CONCORD MA: The Concord Visitor Center is pleased to announce the launch of its Indigenous People Tour, October 2, 10 and 11 at 2pm. It is also available on-demand with 48-hours’ notice. This tour will delve into the intriguing and important history of the native people of Concord, Massachusetts who populated the area.
What better way to study the history of the region than by learning about the 10,000 year story of the indigenous people of Concord? On this 75-minute tour, the importance of the three rivers of Concord to native life is examined. Visitors will learn about the first contact between the Algonquin tribes and the Europeans settlers at Jethro’s Tree and the complex relationships that grew between these two groups of people. Visitors will examine how these relations deteriorated over time, culminating in the violent and bloody King Philip’s War, leading to European dominance in the region. All this and more can be discovered in the newly released Concord Indigenous People Tour.
“The tour is essential to understanding the history of the region,” said Beth Williams, Tourism and Visitor Center Manager. “It is our role to continue to tell the stories of all who once lived here and still do, to honor the past as we look towards the future.”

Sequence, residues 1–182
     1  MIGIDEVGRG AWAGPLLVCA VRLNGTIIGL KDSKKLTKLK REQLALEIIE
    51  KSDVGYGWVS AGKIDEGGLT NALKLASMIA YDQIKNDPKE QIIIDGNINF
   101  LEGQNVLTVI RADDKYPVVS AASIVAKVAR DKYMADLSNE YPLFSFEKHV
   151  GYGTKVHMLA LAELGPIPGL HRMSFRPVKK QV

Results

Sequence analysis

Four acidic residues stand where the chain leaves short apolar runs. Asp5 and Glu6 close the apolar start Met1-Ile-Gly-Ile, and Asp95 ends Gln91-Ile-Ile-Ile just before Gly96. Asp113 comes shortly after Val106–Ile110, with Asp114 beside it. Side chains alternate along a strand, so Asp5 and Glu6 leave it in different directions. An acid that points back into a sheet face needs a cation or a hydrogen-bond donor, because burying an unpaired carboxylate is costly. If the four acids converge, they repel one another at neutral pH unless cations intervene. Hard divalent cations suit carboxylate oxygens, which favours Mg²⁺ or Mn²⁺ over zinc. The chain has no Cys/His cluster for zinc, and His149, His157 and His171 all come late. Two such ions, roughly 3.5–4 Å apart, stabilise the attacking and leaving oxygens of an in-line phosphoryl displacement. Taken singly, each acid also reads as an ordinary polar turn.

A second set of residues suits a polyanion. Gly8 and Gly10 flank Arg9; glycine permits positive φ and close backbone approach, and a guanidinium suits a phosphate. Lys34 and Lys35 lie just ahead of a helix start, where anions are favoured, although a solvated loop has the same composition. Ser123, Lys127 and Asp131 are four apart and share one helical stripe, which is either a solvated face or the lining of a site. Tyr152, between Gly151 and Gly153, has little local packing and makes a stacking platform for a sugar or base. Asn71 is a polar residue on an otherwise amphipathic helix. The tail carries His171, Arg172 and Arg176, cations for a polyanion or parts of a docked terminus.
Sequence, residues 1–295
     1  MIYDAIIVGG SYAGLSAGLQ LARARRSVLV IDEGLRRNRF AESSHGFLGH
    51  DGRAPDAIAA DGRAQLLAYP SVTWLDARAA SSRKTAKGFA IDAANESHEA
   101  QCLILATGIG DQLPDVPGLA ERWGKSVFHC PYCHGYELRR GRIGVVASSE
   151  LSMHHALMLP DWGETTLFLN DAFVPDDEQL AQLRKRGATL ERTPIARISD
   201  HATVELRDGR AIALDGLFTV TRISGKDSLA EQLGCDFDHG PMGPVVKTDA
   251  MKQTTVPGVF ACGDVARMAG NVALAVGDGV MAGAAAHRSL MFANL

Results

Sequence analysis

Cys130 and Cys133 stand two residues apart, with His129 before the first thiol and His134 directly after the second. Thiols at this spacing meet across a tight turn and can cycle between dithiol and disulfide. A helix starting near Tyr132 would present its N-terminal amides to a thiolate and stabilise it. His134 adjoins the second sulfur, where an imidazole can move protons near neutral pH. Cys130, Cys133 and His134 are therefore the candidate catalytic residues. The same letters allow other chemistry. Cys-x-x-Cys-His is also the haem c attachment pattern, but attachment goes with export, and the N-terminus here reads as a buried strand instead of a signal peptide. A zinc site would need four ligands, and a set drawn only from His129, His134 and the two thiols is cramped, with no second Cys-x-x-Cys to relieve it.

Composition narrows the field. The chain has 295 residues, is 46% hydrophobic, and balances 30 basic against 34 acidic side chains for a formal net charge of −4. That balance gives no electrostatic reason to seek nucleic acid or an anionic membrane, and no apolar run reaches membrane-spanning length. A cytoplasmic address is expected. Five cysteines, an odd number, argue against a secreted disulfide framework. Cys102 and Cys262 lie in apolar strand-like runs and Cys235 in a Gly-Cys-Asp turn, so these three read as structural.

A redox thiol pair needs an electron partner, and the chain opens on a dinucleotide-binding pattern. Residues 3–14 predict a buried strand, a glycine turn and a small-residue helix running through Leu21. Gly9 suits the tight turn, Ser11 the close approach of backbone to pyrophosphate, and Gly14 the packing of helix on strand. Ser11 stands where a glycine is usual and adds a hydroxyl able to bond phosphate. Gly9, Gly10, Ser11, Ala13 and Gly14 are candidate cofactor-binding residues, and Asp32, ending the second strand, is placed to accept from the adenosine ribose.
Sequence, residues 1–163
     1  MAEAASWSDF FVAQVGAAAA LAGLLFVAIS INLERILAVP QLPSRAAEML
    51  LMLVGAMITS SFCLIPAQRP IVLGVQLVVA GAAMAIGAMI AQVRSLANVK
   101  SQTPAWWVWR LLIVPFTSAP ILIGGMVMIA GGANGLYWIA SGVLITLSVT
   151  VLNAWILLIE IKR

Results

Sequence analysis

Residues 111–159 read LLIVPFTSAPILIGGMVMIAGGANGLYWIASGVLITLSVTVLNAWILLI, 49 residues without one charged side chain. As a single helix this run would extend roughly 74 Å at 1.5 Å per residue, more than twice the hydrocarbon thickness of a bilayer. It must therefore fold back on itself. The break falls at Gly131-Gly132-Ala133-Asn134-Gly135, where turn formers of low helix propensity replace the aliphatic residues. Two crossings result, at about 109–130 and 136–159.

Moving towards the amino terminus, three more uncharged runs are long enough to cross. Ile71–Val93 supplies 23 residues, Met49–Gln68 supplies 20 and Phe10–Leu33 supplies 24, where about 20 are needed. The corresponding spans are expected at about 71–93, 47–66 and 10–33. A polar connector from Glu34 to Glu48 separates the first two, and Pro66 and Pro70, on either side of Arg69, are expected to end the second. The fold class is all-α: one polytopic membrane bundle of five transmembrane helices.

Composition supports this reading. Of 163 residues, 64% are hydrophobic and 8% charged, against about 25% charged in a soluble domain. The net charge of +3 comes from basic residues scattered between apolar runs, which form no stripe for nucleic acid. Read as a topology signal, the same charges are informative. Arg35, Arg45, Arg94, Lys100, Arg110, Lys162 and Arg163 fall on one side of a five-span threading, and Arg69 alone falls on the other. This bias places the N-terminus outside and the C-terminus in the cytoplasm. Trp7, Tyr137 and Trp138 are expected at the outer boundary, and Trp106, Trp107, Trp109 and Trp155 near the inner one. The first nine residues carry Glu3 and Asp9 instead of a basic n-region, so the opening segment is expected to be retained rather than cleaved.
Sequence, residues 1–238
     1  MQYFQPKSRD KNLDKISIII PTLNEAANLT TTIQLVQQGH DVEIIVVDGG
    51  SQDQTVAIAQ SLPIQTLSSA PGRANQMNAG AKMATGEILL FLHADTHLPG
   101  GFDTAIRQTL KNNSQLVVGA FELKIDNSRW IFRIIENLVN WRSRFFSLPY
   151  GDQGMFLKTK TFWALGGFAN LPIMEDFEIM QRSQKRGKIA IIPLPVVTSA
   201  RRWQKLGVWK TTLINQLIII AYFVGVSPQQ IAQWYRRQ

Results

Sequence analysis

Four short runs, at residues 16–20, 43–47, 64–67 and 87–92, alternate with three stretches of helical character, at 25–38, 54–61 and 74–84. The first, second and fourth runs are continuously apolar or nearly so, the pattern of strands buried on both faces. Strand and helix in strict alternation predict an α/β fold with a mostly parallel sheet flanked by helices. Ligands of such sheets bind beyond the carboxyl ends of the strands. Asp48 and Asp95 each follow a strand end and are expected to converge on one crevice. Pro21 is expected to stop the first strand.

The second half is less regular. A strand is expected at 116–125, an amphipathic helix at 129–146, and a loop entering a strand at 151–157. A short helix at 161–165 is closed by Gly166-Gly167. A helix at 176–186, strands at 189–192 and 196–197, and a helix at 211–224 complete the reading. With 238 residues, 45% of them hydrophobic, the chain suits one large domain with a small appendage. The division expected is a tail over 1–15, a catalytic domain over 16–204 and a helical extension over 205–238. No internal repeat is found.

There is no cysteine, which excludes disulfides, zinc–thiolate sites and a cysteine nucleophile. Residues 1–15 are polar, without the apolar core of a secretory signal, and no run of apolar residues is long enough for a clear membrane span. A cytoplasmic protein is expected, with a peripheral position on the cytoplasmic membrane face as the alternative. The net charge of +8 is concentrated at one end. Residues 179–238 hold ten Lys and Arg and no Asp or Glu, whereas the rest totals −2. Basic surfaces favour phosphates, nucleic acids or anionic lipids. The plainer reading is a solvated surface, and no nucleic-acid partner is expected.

This tour is a new edition to the many walking tours offered by the Town of Concord, Massachusetts. The town also offers a Historic Walking Tour of Concord every day, and on demand, a Concord at Night Walking Tour, a Little Women Walking Tour, a Family & Children Walking Tour of Concord, and many more. Come learn the history of one of Massachusetts most famous towns on one of our informative and enjoyable tours!
More information on The Indigenous People Tour and other tours offered by the Concord Visitor Center can be found at: https://visitconcord.org/walking_tours/
Concord, signifying agreement and harmony, was incorporated as the first inland settlement in Massachusetts through a grant from the Massachusetts General Court dated September 12, 1635. Concord supported Native American activity long before the European settlers arrived. The area was inhabited by the various Nipmuc groups, and the village of Musketaquid, which means “reedy river,” was established as a principle center of the Massachusetts tribe.The native people called the area where the Assabet and Sudbury rivers meet “Nashawtuc,” which means “between the rivers.” This area of Concord is comprised of about 400 acres and is home to these significant people and milestones in American history.
Concord Visitor Center is open 7 days a week April-October and has a full time year round Tourism Manager. For more information, go to: www.Visitconcord.org or call 1-978-318-3061